The shop is a bit like a tardis, far more inside than you would think possible from the outside. It specialises in high end outdoor clothing, shoes and leisurewear, but there were some good offers the day I was there. Having bought a new lightweight down stormproof winter coat from Jack Wolfskin in the last month I thought Basecamp prices were comparable.

The owner of Basecamp was his travels the day I visited, but the person in charge told me that all the crockery and 'home extras' (my phrase) on display and for sale had been found by the owner on his travels. 

If you're looking for good quality outdoor gear then Basecamp is worth a visit. Even if you're in search of a bargain. Go and see for yourself, then drop into the Mish Mash Gallery and end up with a coffee and a waffle in Froths, which has re-branded itself The Froth Waffle House.


On one of the family visits recently we all went down to The Last Post for Sunday lunch. Six grown-ups and we got a table at 12.30pm (the rush began not long after). The service was good, so was the food. Weatherspoon's falls into the 'reliable' category. Its portions are good and usually come to the table hot. The chips are crisp and fluffy, which is good, but a little too salty for my taste, but 'over seasoning' is something all too many eateries and restaurants are guilty of. However, what got them 5 ✮s was this:

I grew up on Worcester Sauce in Wembley. It sat on the table every meal, put on toast, cheese, fish, soup you name it. Susan thought when she met me that I 'murdered' some of my meals with the stuff. Pop, my grandfather, was a great fan. In truth I limited myself to soups, Welsh Rarebit and Fish 'n' Chips.

Then in 1975 I moved to Mansfield to live with Susan and my boss at the time suggested that I base myself in the charity's Sheffield office. That is where I was quickly converted to Henderson's Relish — a more subtle taste than Worcester Sauce. So for a good few years we had both relishes (for that is what they are) in the house, but when the charity left me in 1983 my Sheffield days came to an end and eventually Henderson's Relish disappeared from our larder when my supply run out, occasionally replaced when my new job took to me Barnsley, as it did every few months.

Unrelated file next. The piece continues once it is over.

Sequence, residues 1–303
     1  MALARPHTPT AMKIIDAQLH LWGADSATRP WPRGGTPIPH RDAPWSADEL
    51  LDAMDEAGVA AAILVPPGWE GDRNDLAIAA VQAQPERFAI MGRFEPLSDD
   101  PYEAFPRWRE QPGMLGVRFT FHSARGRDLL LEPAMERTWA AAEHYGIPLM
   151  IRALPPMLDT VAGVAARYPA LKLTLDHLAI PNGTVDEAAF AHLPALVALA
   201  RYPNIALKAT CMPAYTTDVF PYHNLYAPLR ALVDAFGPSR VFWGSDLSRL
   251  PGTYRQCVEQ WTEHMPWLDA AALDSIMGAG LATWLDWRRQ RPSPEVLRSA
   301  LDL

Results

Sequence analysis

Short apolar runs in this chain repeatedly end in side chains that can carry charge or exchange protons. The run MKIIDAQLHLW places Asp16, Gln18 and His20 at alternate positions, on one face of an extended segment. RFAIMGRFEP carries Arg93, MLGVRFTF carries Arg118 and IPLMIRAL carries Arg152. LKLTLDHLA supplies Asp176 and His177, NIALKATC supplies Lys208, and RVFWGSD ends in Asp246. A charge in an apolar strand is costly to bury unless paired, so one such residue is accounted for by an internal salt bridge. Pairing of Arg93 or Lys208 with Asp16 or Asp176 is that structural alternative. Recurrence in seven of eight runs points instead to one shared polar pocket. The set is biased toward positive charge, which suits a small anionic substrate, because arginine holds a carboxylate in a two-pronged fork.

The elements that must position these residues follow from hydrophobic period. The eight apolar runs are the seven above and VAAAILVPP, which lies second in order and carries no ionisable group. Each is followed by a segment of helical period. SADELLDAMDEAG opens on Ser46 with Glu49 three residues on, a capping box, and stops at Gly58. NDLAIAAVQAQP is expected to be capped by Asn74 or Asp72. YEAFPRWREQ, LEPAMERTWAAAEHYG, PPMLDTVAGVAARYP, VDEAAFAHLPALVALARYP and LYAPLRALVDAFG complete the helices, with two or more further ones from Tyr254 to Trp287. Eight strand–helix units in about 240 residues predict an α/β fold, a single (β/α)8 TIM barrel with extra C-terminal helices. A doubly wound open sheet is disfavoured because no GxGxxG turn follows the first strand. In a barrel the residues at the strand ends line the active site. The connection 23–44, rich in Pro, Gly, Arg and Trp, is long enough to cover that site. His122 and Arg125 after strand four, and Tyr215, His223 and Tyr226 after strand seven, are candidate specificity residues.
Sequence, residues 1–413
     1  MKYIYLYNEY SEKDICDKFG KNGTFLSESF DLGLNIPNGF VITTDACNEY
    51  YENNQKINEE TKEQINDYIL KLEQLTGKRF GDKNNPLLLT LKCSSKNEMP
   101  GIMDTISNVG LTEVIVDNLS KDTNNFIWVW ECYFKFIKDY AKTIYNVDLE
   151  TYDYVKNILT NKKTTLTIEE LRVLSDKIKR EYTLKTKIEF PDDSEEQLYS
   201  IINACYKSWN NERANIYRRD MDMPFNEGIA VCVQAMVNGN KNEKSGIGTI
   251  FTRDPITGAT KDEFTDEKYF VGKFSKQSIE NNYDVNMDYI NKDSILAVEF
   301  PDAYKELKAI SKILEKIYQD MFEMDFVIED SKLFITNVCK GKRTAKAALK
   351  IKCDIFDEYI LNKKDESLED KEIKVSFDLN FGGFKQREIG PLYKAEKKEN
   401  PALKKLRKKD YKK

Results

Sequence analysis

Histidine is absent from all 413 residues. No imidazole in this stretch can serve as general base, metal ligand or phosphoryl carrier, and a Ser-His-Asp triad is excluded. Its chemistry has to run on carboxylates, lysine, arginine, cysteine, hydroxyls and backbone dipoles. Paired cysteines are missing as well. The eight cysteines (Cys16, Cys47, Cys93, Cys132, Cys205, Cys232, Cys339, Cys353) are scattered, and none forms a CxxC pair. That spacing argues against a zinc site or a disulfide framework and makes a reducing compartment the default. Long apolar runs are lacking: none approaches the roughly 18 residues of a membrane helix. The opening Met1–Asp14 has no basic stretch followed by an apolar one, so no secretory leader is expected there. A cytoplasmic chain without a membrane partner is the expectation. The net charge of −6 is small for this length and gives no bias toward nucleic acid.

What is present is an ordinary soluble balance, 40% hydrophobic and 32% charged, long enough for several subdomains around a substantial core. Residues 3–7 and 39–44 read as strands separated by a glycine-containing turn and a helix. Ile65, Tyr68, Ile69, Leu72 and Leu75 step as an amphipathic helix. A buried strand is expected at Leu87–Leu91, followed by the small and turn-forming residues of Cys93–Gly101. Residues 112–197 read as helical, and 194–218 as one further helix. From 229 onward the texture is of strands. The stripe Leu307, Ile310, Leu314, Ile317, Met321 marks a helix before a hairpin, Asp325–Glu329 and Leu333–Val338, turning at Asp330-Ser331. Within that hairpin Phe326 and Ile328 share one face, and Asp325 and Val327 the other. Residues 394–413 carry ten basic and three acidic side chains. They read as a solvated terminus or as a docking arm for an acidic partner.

Henderson's Relish came back into my life big time when the Local not Global Deli opened and I was an early user, years before we moved to Beeston, and, there, there, on a shelf for sale was, yes, Henderson's Relish! In the end it replaced its rival completely, which I now only use when out, although few places have Worcester Sauce. let alone Henderson's Relish. I particularly like it on Fish 'n' Chips and cheese on toast. I know I've said that already, but I like it so much it bears repeating.

Weatherspoon's Beeston Last Post is the first place I have ever found outside South Yorkshire, on the table or available, Henderson's Relish, so I will be going there for more meals (Worcester Sauce is something you always have to ask for and, sometimes, the kitchen will let you use their bottle, standing over you as you do. This act tells you that Worcester Sauce is more treasured than truffles because the latter they allow you to eat alone).

If anyone from The Lost Post reads this, I beg you to make sure Henderson's Relish is always, always, available.


Another shop I like is Iguazu. When I can't get to Five Leave Bookshop in town (as I think of Nottingham City Cente — a hangover from my Wembley days which ended 51 years ago) I usually buy blank cards from them for letter writing.

In the window there was this notice (see below), but it wasn't until last week I finally went into see what was new for myself.

I left with some goodies, three presents for family and friends. The bags at £6 I thought a good buy. I've been using a similar bag from the Eden Project in Cornwall for well over then years, so I know how well they last. The socks are made from Bamboo. Until I saw them I didn't know that Bamboo was used to make clothing. My feet are size 12–13 and had Iguazu had them in my size I would have a few pairs for myself. They felt lovely and have beneficial properties which makes bamboo better than cotton. My daughter is going to be the lucky recipient of the socks in the photo.

Oh I could write about recent visits to Beeston shops, but there will be other mornings to blog I am sure. 

The week ahead has already filled up, so invites I intended to make or accept are on hold until I have 'a window' free. What was the doctor said about 'slowing down'? No doubt the nurse will remind me next week when I go for my half-year 'oldies' check-up.

Friday, 3 November 2017

Beeston maps going A1 and posts to come